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The outside Worldby Tova Mirvis
Synopses & Reviews
- One -
Tzippy Goldman was a good girl. Yet she lay awake and wished she could run across the living room, fling open all the windows and all the doors, and scream. Tzippy is crazy, the neighbors would say, unfit for our sons, our nephews. But no, Tzippy would reply, not crazy, not unfit. Just sad. And maybe a little angry.
To scream would be like battling the laws of nature. Still, she let herself imagine it, now that it was late at night and she was alone. Her parents were at the Rosenbaum wedding in Monsey, and the house that normally teemed with her four singing sisters was temporarily still. There were reasons for Tzippy's urge to howl. It was because of an unjust world, an unfair God. It was because bad things happened to good people, because fortune and luck were doled out in unequal portions. It was because Tzippy Goldman was twenty-two and still not married.
She and her mother had spent years planning imaginary weddings, deciding on color schemes before she was old enough to find a groom. Her mother used to tuck her into bed and, with her finger, draw flowers and rings and wedding cakes on her back. They discussed chiffon and organza, compared silk shantung and satin. They selected Venetian-lace wedding dresses, rhinestone tiaras, and veils with cascading tulle. When they finished planning the wedding, they moved on to the marriage house, the dream space Tzippy and her husband would one day occupy. In the marriage house, everything was new. Everything was white and clean and fresh. There were new sheets and white lace tablecloths. In the marriage house, there was never anything to worry about. The dishes never needed to be washed, the beds never needed to be made. The phone didn't ring, the doorbell didn't buzz. The dinner table was set for two, and there were long evenings with nothing to do but be together.
This dream was supposed to be waiting for her. Both Tzippy and her mother had always assumed that she would finish high school, get set up on shidduch dates, meet the right boy, get engaged, and have a beautiful wedding with lots of white lace and pareve vanilla cream frosting. She was born for this. It was possible to imagine that somewhere, in an alternate world, Tzippy had a home set up, children born, and dinner long prepared. But, in this world, it hadn't happened as she had expected, and she had passed four years waiting and worrying.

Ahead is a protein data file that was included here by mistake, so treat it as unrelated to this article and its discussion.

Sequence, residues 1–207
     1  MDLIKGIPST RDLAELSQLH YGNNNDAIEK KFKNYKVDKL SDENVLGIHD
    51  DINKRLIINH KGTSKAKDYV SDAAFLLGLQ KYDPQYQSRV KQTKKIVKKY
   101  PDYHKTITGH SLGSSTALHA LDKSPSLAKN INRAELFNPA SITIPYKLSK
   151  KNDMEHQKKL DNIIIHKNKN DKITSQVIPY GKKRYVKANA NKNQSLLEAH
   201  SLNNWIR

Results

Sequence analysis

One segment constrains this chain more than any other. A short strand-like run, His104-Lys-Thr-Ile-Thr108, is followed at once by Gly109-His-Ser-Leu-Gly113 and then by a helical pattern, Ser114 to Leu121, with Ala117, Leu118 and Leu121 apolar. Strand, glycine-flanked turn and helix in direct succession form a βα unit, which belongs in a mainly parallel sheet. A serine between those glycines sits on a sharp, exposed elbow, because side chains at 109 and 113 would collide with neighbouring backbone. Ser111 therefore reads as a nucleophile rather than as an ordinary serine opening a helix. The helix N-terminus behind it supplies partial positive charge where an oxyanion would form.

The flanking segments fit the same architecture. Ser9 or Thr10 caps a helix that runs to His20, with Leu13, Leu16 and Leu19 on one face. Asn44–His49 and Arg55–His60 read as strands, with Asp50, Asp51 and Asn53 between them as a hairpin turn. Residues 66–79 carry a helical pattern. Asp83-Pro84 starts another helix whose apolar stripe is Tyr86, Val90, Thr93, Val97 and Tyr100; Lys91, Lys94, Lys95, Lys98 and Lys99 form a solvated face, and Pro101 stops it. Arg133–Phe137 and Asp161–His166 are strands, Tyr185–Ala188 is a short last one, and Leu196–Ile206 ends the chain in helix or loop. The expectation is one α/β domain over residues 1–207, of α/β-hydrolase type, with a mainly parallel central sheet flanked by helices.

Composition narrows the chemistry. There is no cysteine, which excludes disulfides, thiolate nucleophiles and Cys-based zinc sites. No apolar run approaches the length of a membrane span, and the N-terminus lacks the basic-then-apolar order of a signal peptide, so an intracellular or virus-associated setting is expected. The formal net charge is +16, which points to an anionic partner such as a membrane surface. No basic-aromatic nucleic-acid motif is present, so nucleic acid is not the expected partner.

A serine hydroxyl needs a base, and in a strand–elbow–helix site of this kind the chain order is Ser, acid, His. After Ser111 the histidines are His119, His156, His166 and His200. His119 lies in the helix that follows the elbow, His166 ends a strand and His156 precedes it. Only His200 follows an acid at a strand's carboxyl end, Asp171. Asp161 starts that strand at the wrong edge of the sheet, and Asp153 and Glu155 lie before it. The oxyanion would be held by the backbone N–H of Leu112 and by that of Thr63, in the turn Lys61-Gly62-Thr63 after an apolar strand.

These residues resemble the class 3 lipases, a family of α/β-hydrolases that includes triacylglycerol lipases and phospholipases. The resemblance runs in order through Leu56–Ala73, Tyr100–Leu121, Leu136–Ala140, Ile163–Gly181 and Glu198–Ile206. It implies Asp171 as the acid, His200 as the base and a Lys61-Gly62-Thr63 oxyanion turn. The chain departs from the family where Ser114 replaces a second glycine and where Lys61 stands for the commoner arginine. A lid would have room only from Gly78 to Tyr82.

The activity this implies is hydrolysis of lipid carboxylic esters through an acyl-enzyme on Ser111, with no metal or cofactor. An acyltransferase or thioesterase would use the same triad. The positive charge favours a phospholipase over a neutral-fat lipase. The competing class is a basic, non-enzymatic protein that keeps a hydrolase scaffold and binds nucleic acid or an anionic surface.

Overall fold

There were so many ways to be set up: my rabbi knows your rabbi; my mother knows your mother; my neighbor, your neighbor. Tzippy had been set up by teachers and friends, and by her mother, who was omnipotent and omniscient. Setting up an eighteen-year-old was a hobby for people. Finding a husband for a twenty-two-year-old was a national emergency. Well-meaning neighbors called constantly with suggestions. Tzippy's name was in the file box of every professional matchmaker in Brooklyn. Her virtues had been sung to every neighbor, every neighbor's cousin, everyone who had a son, nephew, or acquaintance of marriageable age. Before a first date could take place, so many questions had to be asked. Is Tzippy thin? Is she pretty? Is the family rich? Will they support a husband while he learns? Is there a history of divorce or mental illness? Are there any distinguished rabbis in the family? Do they own a television set?
Once the right answers were given, the match was made and the boy was all
From the best-selling author of The Ladies Auxiliary, a hilarious new novel about two Orthodox Jewish families brought together by the marriage of their children. Tzippy Goldman's mother has been planning her wedding since before she was born. Her four younger sisters want her to marry the crown prince of Boro Park. But Tzippy, approaching...
Tzippy Goldman was born for marriage. She and her mother had always assumed she’d graduate high school, be set up with the right boy, and have a beautiful wedding with white lace and pareve vanilla cream frosting. But at twenty-two, Tzippy’s fast approaching spinsterhood. She dreams of escape; instead, she leaves for a year in Jerusalem.
There she meets–re-meets–Baruch, the son of her mother’s college roommate. When Tzippy last saw him, his name was Bryan and he wore a Yankees-logo yarmulke. Now he has adopted the black hat of the ultra-orthodox, the tradition in which Tzippy was raised. Twelve weeks later, they’re engaged...and discovering that desire and tradition, devotion and individuality aren’t the easiest balance. Hilarious, compassionate, and tremendously insightful, The Outside World illuminates an insular community, marvelously depicting that complicated blend of faith, love, and family otherwise known as life in a modern world.
About the Author
Tova Mirvis grew up in Memphis, Tennessee. She received an MFA in creative writing from Columbia University. She lives outside of Boston with her husband and two children. She can be found online at www.tovamirvis.com.
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